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Trip Report Newfoundland Trip Report (Avalon and Bonavista)

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Newfoundland trip report

Basics: 2-10 June, 2009, traveling solo. 5 nights in St. John’s, with several day trips; 2 nights near Trinity; 1 night back in St. John’s to catch early-morning flight the next day. Weather was nice (windy), scenery was stunning, and I’d love to see more: it’s a wonderful place. If you have any questions, please reply to this post and I’ll do my best to monitor it and respond via the forum.

Prices are Canadian $ (not including fees, charges, surcharges, taxes, GST, HST, etc.) unless stated otherwise.

Lodging: The only lodging I arranged in advance (a few weeks) was nights 1-4 at “At Wit’s Inn” in St. John’s, $99/night, full breakfast included, free parking (on-street). Wonderful hosts, clean and nicely-kept, outstanding breakfasts, en suite facilities. Location is excellent, reasonable walks to Signal Hill one way and George St. the other. After a few days, I decided I’d need another night in St. John’s, but they were booked. They did, though, find a spot for me just down the road at “Chef’s Inn” ($109/night), which was also a very nice place, and the room had a nice view of the harbor, which I didn’t have at the previous place. Also was en-suite, full breakfast, and free on-street parking. A note about parking: many B&Bs that don’t have their own parking lot (i.e., most of them downtown) will give you a parking permit for your car allowing you to park on the street within a few blocks of your B&B. I never had trouble finding a spot within a block, but that might be more difficult in July/August with more crowds. On the other hand, it might not – there were a lot of conferences in St. John’s during this time, and many of the hotels were completely booked.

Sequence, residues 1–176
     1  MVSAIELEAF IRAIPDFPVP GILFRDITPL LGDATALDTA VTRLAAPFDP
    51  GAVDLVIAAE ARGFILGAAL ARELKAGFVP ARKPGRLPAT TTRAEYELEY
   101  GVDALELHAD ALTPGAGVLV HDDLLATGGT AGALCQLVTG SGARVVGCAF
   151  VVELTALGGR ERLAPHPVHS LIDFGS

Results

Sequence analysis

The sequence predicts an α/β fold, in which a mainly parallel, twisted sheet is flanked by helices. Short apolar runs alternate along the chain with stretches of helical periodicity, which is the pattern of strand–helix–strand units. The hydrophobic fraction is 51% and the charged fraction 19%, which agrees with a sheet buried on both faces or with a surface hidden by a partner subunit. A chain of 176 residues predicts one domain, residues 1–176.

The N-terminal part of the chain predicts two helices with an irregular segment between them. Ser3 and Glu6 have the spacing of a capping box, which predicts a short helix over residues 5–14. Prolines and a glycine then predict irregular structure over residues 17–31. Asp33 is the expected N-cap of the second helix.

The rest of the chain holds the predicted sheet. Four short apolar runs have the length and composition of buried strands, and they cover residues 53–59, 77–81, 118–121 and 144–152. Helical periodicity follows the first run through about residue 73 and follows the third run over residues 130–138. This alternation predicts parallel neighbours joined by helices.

Nights 6-7 at Fisher’s Loft Inn, Port Rexton (near Trinity), $112/night, en suite, breakfast not included (breakfast was $15 for a full breakfast, less for a “continental” breakfast). I had the full breakfast both days, and it was outstanding. Room was spacious and elegant, with a view of the bay. This is definitely an upscale establishment, comprising at least 4 separate buildings, one of which has the dining room. It’s located an easy 10-minute walk from the start of one of the most scenic hiking trails I’ve ever seen, the Skerwink Trail. Binoculars come with the room, and bicycles are also available.

Night 8 back in St. John’s, at Captain’s Quarters, $104/night, continental breakfast (but I left too early for it). Location is great, and free off-street parking lot is helpful, but it’s definitely not as comfortable or well-appointed as any of the other places I stayed.